If you’ve so far been investing only with scheduled commercial banks and have stayed away from small finance banks or cooperative banks for deposits, you can expand your horizons now. However, small finance banks, which are tightly regulated and wholly under RBI’s ambit, are still far safer bets than cooperative banks which are partly regulated by the State governments. To make the most of insurance, it would be best to cap your deposits in riskier private banks or small finance banks at ₹5 lakh each.

If you’re unhappy with the rates from top-rated NBFCs, private sector or small finance banks that offer higher rates, which enjoy deposit insurance upto ₹5 lakh offer a better alternative now. No matter how attractive the rates offered by others, it remains best to park your emergency fund and temporary windfalls in post office schemes and systemically important banks (SBI, HDFC Bank and ICICI Bank).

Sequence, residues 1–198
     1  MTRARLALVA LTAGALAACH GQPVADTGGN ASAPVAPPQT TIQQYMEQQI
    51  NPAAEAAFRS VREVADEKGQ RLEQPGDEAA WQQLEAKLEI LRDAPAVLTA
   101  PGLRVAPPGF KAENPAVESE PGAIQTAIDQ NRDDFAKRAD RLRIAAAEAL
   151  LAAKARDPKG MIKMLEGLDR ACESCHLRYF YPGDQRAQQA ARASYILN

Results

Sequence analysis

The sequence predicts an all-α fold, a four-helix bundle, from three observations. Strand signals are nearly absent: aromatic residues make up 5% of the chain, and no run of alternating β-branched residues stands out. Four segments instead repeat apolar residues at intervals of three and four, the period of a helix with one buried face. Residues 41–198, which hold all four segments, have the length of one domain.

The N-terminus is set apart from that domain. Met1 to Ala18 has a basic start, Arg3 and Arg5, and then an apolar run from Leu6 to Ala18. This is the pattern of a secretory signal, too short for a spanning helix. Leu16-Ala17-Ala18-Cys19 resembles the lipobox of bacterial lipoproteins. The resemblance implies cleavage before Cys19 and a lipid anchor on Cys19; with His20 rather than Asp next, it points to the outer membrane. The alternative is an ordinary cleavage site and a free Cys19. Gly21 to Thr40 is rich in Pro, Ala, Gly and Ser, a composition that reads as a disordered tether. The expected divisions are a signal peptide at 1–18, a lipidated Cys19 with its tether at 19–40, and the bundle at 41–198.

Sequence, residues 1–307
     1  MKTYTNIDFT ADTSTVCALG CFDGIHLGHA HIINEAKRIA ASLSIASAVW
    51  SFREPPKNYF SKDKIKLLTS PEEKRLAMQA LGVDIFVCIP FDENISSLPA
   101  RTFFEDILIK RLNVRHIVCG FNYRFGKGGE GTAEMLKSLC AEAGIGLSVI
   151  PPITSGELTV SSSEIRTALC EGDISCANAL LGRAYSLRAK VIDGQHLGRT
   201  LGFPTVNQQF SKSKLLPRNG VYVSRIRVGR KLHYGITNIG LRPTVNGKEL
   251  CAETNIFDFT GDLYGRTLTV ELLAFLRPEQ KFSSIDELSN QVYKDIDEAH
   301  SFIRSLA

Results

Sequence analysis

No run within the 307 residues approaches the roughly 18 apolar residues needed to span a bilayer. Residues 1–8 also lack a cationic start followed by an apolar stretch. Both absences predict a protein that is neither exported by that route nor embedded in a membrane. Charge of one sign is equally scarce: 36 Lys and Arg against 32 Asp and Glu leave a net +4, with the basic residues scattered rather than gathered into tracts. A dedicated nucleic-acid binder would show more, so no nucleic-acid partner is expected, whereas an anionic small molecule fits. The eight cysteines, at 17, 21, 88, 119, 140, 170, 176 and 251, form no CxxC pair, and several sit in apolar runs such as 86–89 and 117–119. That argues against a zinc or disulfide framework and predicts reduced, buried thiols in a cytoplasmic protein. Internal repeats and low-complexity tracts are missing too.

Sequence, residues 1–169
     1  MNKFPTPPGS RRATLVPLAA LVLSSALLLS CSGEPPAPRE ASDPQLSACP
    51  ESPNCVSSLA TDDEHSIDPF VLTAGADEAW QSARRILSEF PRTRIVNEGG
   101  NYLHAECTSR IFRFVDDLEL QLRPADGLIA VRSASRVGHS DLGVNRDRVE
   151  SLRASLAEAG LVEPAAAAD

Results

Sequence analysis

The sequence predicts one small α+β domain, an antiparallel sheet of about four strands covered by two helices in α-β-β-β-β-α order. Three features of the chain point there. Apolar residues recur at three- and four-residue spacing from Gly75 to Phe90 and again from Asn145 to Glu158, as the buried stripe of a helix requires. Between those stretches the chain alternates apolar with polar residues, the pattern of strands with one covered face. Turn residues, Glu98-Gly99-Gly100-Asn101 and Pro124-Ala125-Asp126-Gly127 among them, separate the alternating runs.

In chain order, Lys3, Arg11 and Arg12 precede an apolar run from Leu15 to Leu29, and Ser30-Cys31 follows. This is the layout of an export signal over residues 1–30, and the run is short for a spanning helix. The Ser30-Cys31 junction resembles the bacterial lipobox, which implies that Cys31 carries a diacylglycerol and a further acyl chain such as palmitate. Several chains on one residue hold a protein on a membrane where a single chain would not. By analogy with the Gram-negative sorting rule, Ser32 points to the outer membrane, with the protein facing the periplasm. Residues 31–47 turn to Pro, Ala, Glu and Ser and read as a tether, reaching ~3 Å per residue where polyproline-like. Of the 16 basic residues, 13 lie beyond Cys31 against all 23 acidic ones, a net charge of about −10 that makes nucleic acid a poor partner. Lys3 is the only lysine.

Top News Today


Comments have to be in English, and in full sentences. They cannot be abusive or personal. Please abide by our community guidelines for posting your comments.

We have migrated to a new commenting platform. If you are already a registered user of The Hindu and logged in, you may continue to engage with our articles. If you do not have an account please register and login to post comments. Users can access their older comments by logging into their accounts on Vuukle.